"Recent events in the Linux World, and in open source projects
in general, have called into question the value of development of
"free" software. With Linux-based for-profit companies having a
difficult time making money, and the accelerating consolidation of
Linux market share into fewer commercial distributions, it is
questionable whether free software can grow beyond geekdom into the
mainstream. Whether this proposition is true is irrelevant as it
applies to the survival of the concept of open source software.
What makes Linux and other open source initiatives necessary is
grounded in the nature of free software itself: open source
development is the product of scientific inquiry and anti-piracy
"The open source model of software development is an excellent
example of the scientific method in action. Scientific disciplines
rely on the open exchange of ideas to advance a particular idea. To
make a positive assertion of any kind, it is the responsibility of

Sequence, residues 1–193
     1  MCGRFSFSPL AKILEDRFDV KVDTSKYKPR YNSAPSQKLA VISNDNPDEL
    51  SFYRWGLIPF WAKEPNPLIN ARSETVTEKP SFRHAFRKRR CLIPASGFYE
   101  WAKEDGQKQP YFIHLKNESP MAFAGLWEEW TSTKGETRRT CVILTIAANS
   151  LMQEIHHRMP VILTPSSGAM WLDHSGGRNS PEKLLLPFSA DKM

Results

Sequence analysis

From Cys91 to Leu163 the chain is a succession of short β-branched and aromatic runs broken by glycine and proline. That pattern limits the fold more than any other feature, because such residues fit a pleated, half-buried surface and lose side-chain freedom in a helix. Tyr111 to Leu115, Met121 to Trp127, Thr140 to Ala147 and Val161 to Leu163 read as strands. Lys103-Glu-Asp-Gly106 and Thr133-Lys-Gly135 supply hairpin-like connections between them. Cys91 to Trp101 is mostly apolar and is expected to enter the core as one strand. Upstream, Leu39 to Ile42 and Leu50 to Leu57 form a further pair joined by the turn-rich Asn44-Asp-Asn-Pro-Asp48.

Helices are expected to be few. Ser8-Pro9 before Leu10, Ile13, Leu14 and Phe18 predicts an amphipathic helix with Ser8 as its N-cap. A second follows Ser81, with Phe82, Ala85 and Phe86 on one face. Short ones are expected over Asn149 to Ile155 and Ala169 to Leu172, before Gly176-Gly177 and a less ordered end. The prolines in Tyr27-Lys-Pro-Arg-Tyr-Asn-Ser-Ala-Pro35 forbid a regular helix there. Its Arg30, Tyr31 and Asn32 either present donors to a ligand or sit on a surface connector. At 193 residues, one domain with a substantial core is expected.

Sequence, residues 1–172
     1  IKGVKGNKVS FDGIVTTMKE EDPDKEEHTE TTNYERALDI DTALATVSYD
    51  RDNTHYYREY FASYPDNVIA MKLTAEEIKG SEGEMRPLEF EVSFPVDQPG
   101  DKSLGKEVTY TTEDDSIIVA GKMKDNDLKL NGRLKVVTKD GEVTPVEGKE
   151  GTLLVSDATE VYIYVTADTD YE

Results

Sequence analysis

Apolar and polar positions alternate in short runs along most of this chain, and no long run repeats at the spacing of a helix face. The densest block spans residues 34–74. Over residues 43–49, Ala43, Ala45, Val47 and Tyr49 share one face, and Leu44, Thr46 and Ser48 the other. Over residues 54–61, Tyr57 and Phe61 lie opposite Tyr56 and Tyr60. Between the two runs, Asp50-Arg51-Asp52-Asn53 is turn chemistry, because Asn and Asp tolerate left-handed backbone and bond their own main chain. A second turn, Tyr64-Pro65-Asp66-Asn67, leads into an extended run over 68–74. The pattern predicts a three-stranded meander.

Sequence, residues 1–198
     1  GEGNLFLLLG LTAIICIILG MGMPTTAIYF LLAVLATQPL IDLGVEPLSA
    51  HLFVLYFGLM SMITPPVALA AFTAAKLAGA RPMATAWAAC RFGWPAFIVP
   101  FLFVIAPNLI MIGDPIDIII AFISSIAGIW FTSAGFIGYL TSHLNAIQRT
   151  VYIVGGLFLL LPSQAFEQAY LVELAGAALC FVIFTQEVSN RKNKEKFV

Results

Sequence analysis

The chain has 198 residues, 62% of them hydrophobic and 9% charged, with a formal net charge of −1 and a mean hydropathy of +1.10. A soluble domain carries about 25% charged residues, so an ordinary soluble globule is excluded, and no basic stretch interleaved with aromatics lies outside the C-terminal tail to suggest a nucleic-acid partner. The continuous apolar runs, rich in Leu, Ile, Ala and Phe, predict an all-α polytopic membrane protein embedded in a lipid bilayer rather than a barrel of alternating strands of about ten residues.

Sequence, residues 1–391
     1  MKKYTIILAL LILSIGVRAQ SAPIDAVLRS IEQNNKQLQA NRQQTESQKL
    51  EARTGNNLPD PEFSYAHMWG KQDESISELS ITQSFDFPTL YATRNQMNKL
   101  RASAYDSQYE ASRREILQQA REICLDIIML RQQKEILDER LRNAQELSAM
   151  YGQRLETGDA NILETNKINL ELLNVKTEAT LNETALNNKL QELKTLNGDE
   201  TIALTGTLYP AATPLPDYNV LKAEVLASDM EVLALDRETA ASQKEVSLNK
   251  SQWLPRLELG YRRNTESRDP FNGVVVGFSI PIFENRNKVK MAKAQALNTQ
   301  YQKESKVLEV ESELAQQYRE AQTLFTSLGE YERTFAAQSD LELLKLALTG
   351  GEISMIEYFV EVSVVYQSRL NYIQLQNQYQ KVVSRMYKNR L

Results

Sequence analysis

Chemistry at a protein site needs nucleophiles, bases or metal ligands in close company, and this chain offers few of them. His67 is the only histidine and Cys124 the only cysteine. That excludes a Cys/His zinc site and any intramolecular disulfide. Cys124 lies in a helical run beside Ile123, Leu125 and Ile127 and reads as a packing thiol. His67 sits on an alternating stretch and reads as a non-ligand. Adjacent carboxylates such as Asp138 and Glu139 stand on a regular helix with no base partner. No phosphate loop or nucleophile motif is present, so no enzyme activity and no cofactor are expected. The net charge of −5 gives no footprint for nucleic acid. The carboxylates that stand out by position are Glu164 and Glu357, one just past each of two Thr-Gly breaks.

the scientist to provide adequate data for their peers to evaluate
and attempt verify the conclusions advanced in the hypothesis. Open
source software, with its inherent reliance on the publication of
source code, fulfills this requirement of peer review by exposing
all of the assumptions that support the software model to a public
debate of its merits. At no time can it be argued that the best
interests of a particular model be defended when a proprietary
approach is implemented. Appeals to authority cannot be a proxy for
peer testing and verification."
"Open source software has been criticized by the proponents of
proprietary software development precisely for this reliance on
peer review. Indeed, some of these proponents have attempted to
cast doubt on the open source model by linking a community-based
review to communism or other socialist ideologies...."
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